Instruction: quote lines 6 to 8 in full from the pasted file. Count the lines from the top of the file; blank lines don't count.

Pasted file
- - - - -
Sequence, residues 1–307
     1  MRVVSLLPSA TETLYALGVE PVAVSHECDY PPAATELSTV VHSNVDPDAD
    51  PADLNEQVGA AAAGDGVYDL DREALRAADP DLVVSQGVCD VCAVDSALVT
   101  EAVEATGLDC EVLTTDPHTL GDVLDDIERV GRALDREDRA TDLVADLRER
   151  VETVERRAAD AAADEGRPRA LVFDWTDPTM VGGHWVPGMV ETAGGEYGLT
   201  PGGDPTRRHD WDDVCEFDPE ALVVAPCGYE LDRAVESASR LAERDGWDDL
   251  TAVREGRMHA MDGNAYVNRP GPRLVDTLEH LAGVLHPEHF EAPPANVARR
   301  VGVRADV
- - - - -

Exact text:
   201  PGGDPTRRHD WDDVCEFDPE ALVVAPCGYE LDRAVESASR LAERDGWDDL
   251  TAVREGRMHA MDGNAYVNRP GPRLVDTLEH LAGVLHPEHF EAPPANVARR
   301  VGVRADV